Control of arable crop pathogens; climate change mitigation, impacts and adaptation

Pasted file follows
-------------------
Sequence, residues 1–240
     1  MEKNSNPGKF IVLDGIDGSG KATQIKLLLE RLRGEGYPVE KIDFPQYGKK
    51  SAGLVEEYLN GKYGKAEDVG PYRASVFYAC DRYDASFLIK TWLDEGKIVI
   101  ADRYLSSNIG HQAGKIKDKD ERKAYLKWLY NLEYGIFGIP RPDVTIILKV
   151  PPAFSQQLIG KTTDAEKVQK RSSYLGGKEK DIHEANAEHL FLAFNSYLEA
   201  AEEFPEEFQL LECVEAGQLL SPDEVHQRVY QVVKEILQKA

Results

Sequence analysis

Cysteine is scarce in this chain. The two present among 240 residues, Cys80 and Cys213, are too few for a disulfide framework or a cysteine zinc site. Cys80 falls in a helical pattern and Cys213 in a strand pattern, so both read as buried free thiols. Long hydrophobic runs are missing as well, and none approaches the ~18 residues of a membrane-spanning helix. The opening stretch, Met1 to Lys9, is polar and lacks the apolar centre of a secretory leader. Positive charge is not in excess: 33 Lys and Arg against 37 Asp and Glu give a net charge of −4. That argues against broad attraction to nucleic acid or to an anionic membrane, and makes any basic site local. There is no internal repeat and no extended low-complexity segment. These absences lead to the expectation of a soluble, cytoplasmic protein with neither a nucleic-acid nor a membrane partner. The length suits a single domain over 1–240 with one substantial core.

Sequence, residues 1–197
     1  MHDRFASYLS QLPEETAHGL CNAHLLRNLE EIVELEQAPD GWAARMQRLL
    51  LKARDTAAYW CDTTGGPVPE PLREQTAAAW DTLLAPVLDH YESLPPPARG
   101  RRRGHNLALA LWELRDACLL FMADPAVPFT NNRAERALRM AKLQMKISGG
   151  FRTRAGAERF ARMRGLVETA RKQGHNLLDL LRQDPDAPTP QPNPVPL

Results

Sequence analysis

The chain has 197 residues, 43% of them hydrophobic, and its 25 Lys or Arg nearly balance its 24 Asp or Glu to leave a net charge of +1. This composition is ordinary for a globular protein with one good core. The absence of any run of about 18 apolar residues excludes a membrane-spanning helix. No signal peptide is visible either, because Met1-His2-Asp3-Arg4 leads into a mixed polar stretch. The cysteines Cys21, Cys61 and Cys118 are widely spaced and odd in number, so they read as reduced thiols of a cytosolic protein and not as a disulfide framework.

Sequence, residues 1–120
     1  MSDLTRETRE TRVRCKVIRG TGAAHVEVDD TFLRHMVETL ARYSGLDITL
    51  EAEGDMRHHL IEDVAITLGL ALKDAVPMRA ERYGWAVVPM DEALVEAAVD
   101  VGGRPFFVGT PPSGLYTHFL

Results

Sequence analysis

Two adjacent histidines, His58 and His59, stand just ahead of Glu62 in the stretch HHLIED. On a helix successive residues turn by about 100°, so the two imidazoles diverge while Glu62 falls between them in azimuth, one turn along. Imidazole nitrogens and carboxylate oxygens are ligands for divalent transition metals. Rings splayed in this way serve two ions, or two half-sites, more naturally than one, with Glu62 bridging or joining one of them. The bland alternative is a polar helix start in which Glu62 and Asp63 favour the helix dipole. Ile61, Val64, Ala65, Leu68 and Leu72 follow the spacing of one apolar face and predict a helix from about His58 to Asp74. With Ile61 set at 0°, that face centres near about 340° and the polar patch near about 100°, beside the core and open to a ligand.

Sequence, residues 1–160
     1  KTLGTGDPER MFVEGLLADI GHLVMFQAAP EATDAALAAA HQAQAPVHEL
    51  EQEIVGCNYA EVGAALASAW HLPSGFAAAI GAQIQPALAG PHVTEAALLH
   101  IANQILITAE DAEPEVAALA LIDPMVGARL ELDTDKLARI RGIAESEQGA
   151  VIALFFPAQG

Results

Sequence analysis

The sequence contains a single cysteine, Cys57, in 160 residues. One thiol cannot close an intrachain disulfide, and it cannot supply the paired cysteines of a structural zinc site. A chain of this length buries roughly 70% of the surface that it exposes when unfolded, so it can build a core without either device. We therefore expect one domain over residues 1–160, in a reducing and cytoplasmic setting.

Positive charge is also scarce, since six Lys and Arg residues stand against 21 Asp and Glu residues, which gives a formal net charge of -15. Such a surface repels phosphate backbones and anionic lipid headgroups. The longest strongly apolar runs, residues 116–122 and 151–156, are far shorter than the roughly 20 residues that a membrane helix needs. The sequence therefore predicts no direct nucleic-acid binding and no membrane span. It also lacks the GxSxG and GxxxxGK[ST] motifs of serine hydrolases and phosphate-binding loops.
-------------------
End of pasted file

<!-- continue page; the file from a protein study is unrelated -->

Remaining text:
In the context of threats to global food security from impacts of damaging crop diseases and of climate change, this chapter describes three aspects of the interactions between climate change and diseases that reduce arable crop yields. It considers the role of crop disease control in climate change mitigation, by estimating consequences for greenhouse gas (GHG) emissions of crop management strategies to control diseases, using UK oilseed rape and barley crops as examples. In this chapter we conclude that good control of crop diseases, resulting in more efficient use of nitrogen fertiliser, can decrease UK GHG from crop production by c. 1.6 Mt CO2 eq. each year. Within the chapter we discuss impacts of climate change on incidence of crop diseases and their effects on crop yields, using UK oilseed rape phoma stem canker and wheat fusarium ear blight as examples. For both these diseases, it is estimated that global warming will increase the range and severity of epidemics. To make such estimates, it is emphasised that it is important to estimate impacts of climate on both crop growth and disease development. In response to such projections of impacts of climate change, within this chapter we assess strategies for adaptation to climate change of crop disease management to decrease arable crop losses related to climate change, for both policymakers and farmers.